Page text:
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I have seen this question but my one is a little different.

I have the video of some lectures and also the exact text of the lectures. The lectures are in US English. The audio is good, no audible noise, no background music. I can separate the audio from video if necessarily.

So, is there any tool with which I can generate the subtitles? Linux solutions are good for me but windows will be OK too.

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How is yours different? –  Synetech Jul 9 '12 at 16:54
    
@Synetech Looks like it's different because he actually has the text and needs to make a subtitle file. –  Sion Jul 9 '12 at 16:57
    
But is the text that of what is being said or just notes? If it is what is actually being said (peculiar) then where did it come from and why is it not already a subtitle (like I said, it would be peculiar for them to specifically provide subs, but as a separate file). @Mohaimin, you could just use a subtitle editor. –  Synetech Jul 9 '12 at 16:59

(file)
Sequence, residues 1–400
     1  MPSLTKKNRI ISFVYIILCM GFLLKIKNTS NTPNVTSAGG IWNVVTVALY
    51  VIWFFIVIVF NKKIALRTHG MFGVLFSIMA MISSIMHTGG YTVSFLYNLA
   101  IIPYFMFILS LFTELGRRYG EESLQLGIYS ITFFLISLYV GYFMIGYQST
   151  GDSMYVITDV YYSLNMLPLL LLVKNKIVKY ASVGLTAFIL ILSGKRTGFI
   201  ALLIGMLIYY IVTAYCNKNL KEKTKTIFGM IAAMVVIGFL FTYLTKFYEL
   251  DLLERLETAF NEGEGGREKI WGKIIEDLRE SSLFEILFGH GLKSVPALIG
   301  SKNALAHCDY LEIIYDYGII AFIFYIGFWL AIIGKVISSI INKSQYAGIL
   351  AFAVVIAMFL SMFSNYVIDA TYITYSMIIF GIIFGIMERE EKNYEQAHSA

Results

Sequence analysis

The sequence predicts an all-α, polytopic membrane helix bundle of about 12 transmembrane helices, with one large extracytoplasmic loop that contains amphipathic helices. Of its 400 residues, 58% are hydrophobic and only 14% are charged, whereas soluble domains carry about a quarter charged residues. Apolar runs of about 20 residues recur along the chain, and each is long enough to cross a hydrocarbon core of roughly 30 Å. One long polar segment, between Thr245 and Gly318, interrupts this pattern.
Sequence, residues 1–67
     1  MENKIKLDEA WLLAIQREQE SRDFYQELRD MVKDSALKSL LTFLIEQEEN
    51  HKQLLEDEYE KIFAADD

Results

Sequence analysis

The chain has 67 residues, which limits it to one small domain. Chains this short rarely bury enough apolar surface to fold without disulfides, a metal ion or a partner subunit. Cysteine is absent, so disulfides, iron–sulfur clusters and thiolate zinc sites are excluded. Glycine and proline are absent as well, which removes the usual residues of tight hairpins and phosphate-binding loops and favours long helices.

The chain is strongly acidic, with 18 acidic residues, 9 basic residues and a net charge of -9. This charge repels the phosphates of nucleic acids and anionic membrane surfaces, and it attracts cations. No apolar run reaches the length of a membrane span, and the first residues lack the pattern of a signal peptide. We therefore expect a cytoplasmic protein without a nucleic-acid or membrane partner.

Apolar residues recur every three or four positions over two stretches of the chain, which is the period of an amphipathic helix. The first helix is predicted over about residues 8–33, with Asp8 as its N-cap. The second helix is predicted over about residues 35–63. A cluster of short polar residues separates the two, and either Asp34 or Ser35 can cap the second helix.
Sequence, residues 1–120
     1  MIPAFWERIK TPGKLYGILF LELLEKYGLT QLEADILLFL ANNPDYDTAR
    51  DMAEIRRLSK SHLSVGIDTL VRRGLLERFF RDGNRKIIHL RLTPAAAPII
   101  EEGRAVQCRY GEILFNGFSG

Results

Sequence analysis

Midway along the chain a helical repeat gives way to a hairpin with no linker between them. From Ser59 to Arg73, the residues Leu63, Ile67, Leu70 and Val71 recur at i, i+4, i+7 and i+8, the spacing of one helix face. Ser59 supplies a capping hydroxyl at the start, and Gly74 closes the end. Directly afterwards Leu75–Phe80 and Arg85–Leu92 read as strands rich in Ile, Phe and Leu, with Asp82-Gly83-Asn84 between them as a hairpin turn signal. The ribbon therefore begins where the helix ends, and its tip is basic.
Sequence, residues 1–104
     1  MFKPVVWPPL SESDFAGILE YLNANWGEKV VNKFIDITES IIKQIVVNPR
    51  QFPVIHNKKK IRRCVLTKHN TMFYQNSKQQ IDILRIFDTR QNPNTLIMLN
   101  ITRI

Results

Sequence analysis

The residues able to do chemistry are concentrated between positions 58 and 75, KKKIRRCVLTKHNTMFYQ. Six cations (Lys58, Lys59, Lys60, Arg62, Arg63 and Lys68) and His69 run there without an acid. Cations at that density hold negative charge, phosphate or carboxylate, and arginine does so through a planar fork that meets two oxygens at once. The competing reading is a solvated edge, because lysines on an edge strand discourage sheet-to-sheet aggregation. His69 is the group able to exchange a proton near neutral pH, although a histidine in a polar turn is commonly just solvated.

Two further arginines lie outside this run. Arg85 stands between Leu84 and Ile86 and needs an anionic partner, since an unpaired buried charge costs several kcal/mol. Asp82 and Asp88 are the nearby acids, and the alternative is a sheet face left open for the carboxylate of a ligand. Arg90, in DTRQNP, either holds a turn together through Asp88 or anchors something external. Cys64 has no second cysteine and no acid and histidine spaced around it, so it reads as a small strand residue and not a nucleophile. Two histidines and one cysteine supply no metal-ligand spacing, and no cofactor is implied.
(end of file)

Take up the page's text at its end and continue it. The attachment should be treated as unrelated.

@Synetech: The text is exactly the same as the speech in the video. The text and the video is from different source. –  Mohayemin Jul 9 '12 at 17:44
    
That's really strange. Where did you get a copy of the subtitles to your lectures? (Oh wait, I am assuming that this is a school thing; is it like an online tutorial instead? That would make sense.) In any case, just use one of the subtitle editors that I liked to. (Technically asking for software recommendations is apparently now frowned upon, but you can certainly Google for subtitle editor reviews.) –  Synetech Jul 9 '12 at 17:53
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1 Answer

A quick search found that there is a tool called Subtitle editor (http://home.gna.org/subtitleeditor/) in most distribution repositories which would allow you to make external subtitle files that can be used with a wide range of video players.

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